New data from the annual TeleGeography study of the international voice market shows that international traffic growth slowed sharply in 2006, to 10%, the lowest level in more than 20 years. Since prices are falling while competition and complexity are continuing to grow, international carriers may be in for a rough ride in the coming years.

However, not all is bleak: cross-border VoIP traffic grew more than 30% in 2006, and VoIP emerged as the key driver of overall market growth. In fact, 2006 may have been a tipping point in the international market: VoIP traffic increased as much as TDM volumes, and VoIP is poised to overtake TDM traffic growth in 2007.

Source: Telegeography.

Thursday, December 06, 2007 9:04:59 AM (W. Europe Standard Time, UTC+01:00)  #     | 
 Wednesday, December 05, 2007

The Romanian telecoms regulator ANRCTI says that the country’s mobile networks carried 9.7 billion minutes of traffic in the first half of 2007, up 24% from the second half of 2006. On average, Romanian users register one hour and 23 minutes of voice traffic each month and send 13 SMS text messages. The country’s fixed networks carried 3.9 billion minutes of traffic in the first half, down 8% compared to the previous semester. Alternative providers accounted for 1.23 billion minutes of traffic, up 5.3% on H2 2006.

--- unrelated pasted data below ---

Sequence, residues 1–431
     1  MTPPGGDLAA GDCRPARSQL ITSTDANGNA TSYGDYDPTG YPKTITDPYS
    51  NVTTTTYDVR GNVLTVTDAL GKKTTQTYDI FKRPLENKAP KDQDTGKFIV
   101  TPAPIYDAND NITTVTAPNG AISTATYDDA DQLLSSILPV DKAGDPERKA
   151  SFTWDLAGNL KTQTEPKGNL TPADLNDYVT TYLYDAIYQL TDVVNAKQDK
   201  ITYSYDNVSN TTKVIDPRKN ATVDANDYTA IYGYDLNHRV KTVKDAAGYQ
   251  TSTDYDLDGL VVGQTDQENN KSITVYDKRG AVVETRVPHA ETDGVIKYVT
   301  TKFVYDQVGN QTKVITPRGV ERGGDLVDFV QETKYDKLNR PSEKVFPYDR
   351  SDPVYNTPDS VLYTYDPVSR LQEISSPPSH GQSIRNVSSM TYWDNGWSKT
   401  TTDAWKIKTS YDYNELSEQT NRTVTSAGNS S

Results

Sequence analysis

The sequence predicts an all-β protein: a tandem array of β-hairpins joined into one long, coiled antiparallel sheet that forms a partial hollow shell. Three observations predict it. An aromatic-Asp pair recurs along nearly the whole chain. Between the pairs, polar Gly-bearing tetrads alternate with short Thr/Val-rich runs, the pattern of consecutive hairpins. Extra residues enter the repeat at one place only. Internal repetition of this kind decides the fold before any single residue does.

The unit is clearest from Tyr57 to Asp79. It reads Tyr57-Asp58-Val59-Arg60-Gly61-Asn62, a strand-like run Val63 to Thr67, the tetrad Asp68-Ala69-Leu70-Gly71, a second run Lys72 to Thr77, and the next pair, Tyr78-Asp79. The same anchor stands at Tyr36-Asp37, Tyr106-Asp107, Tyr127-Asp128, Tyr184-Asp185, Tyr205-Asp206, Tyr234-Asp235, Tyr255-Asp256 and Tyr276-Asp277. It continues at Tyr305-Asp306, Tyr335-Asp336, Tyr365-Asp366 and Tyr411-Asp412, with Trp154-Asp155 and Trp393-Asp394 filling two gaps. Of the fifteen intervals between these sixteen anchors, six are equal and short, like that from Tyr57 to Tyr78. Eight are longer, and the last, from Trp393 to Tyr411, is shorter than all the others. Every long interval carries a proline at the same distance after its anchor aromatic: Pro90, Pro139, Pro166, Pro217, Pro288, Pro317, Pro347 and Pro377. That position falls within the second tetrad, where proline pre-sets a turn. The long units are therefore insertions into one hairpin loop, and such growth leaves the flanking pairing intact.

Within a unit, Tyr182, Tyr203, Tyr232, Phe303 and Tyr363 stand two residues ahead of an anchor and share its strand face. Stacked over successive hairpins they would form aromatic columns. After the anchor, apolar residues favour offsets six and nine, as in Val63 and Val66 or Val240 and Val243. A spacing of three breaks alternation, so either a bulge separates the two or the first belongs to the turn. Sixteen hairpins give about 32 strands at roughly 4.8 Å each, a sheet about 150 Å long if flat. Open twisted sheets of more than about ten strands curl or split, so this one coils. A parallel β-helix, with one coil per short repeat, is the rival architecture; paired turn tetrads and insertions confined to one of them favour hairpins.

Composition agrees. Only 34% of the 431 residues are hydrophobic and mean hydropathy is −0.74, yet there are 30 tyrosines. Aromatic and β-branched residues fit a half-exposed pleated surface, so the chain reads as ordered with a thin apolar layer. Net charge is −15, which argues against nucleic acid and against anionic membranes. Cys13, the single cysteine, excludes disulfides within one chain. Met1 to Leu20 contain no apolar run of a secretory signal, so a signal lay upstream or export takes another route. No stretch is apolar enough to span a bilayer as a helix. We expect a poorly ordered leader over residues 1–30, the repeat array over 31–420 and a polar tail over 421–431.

Source: Telegeography, based on the ANRCTI's statement.

Wednesday, December 05, 2007 8:46:50 AM (W. Europe Standard Time, UTC+01:00)  #     | 

According to figures published by the regulator, the Tanzania Communications Regulatory Authority (TCRA), the number of Tanzanians with mobile phones reached 7.562 million by 30 September 2007, up from 6.720 million at the end of the previous quarter. Vodacom led the way with 3.693 million customers, ahead of Celtel with 2.251 million, Tigo (992,036) and Zantel (553,975). In the fixed line sector the incumbent, Tanzania Telecommunications Company Limited (TTCL), reported a drop in the number of main lines in service from 169,135 to 160,964 in the same period.

The TCRA said that while the population of Tanzania is growing at the rate of 2.7% per annum, the annual number of Tanzanians subscribing for a telephone line is currently rising by around 47% per year. Nonetheless, it notes there is still a huge gap in terms of universal telecoms access, and says that at least 80.6% of the population do not have a telephone line at all – either fixed or mobile.

Source : Telegeography, based on the figures of TCRA.

Wednesday, December 05, 2007 8:45:22 AM (W. Europe Standard Time, UTC+01:00)  #     | 
 Monday, December 03, 2007

Mexico's telecommunications sector saw revenues grow 31.1% in the third quarter of 2007 compared to the same period last year, making it the strongest quarter in seven years, the country's telecoms regulator Cofetel said in a statement.